Nev­er lose sight of your children!

What I mean is – always keep them on your radar. In almost every instance of a child being ‘lost’ either phys­i­cal­ly or psy­cho­log­i­cal­ly one or both par­ents didn’t have them on their radar.

Now the obvi­ous phys­i­cal way to ‘lose’ your child can be in a super­mar­ket or depart­ment store – it hap­pened once to me, a very scary expe­ri­ence! It only takes a minute for you to be dis­tract­ed and your child drops off the radar.

Allow­ing your child ‘freedom’ to roam your neigh­bor­hood at a young age isn’t a wise thing. Some peo­ple have a false sense of the safe­ty of their neigh­bour­hood. I remem­ber the first time I let my sons ride togeth­er to a cor­ner shop. The rule was “you ride down the road togeth­er and come back the same way togeth­er”. Mean­while I stood out­side our house look­ing down the road. Every moth­er should have the abil­i­ty to men­tal­ly time a child’s trip beyond the con­fines of their home area.

Final­ly I saw one speck at the bot­tom of the road, but where was the oth­er one? The old­er, more inde­pen­dent, child chose to go anoth­er route despite my admo­ni­tions to the con­trary! Even­tu­al­ly he turned up but I wasn’t too hap­py and they prob­a­bly lost the right to that free­dom for some time, per­haps it was even crossed off the list.

On reflec­tion my old­est son has always been ‘the wan­der­er’ – when he was bare­ly walk­ing his great­est plea­sure was to chase birds along the shore­line. He always ran ahead of us and nev­er looked back! Did he just have blind faith that we would always be there? I hope so.

He has criss-crossed the coun­try too many times to count in the past cou­ple of years. I hope his blind faith is still intact.

But there came a time just over 8 years ago when my radar was so focused on my hus­band in the hos­pi­tal and the seri­ous­ness of his con­di­tion that although my youngest son was with me every day, I think the needs of both sons fell off my radar. Cer­tain­ly I didn’t see enough of my old­est son. I put his girl­friend at the time in charge of let­ting me know if he was falling seri­ous­ly into cri­sis mode, not that we weren’t all in cri­sis mode.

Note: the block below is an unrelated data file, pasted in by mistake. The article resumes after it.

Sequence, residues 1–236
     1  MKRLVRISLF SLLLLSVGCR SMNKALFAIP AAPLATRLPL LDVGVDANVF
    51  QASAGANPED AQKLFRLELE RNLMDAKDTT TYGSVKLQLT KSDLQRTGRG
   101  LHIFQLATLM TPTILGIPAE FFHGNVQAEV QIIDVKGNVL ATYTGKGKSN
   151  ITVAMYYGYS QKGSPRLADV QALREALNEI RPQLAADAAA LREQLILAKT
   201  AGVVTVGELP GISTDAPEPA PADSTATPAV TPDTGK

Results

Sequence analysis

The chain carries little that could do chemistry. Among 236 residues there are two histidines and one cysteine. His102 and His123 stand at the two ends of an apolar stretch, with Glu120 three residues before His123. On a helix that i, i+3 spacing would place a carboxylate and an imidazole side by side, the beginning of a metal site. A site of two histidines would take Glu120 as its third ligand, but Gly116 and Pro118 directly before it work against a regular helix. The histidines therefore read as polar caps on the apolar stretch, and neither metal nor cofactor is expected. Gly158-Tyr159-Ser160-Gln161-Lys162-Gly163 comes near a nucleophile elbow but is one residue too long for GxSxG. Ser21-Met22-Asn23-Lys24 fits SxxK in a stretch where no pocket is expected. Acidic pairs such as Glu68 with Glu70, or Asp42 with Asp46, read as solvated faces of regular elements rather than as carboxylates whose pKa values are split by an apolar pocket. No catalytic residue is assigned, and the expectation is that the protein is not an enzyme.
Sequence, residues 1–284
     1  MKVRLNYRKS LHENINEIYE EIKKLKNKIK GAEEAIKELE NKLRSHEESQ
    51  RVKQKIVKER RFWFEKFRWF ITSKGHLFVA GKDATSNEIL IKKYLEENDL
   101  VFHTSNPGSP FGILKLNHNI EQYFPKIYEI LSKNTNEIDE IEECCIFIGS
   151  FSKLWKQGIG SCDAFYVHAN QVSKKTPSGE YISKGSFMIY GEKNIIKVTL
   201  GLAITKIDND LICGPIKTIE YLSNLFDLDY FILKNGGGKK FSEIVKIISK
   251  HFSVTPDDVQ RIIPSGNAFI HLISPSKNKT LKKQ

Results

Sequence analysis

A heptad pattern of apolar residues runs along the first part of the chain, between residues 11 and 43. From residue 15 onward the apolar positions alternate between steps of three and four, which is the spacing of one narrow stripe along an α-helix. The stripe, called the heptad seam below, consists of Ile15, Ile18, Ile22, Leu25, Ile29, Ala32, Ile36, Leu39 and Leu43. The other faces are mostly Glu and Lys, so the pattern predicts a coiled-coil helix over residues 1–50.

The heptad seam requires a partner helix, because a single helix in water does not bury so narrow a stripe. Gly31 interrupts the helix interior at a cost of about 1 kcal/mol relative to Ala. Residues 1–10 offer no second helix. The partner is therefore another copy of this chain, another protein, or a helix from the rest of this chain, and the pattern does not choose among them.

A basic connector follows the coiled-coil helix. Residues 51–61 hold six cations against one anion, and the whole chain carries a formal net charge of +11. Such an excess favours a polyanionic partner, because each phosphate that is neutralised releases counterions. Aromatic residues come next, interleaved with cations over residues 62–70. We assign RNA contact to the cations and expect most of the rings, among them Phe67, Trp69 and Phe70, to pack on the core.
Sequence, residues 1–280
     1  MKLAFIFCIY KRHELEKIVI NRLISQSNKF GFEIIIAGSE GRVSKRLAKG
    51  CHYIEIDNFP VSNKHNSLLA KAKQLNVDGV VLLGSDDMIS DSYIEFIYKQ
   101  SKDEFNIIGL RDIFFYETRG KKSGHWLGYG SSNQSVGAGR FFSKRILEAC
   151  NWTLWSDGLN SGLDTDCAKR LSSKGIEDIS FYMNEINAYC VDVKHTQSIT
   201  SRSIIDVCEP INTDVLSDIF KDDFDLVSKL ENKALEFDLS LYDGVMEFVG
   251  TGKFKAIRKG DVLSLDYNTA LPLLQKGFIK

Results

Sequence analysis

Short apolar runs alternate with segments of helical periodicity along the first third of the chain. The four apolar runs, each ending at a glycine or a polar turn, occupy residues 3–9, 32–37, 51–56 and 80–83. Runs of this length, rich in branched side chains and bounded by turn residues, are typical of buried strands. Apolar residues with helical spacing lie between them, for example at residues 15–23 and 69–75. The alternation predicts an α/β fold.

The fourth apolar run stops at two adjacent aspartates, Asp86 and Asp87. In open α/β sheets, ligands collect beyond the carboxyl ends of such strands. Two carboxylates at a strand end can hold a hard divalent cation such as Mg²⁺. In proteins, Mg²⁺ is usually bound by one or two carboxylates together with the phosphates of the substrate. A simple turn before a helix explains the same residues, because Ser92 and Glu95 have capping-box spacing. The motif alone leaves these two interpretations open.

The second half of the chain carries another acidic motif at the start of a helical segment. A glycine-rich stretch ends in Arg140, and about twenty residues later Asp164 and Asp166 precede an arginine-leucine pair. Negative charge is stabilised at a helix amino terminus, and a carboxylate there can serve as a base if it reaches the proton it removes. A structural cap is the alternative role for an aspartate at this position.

It’s a tough choice to make. But I need­ed to do every­thing I could to save their father — my only choice at the time.

Those miss­ing years pain me now because there is no going back, you sim­ply can’t retrieve the time you didn’t spend with your children.

In that respect I’ve had more time than most. Home edu­ca­tion enables you to have the con­ti­nu­ity of care, learn­ing and fam­i­ly warmth that school steals – in my opinion. 

My own school­ing stole that time from me and also didn’t val­ue the week­end time I should have had with my fam­i­ly – home­work stole that time. Dur­ing those years I was off my par­ents’ radar and they assumed that I was on the school’s radar – wrong. School only pre­tends to have chil­dren on their radar, as soon as any­thing goes wrong “it’s the par­ents’ fault not ours”.

The chil­dren are yours and they need to be on your radar all the time, espe­cial­ly when they are attend­ing school. School for the most part requires fight­ing for your child’s rights but if your child hasn’t been on your radar from day one then it’s unlike­ly that you will even be aware of them when they’re at school. 

Chil­dren who are mere ‘blips’, or less, on their par­ents’ radar sel­dom do well. Those par­ents have end­less issues with their chil­dren from ear­li­est days right through to the teenage years.

Putting your chil­dren on your radar from day one with their true needs, not your own, as the focus, will reap you rewards of the kind you can­not even imagine.

Don’t lose sight of your children!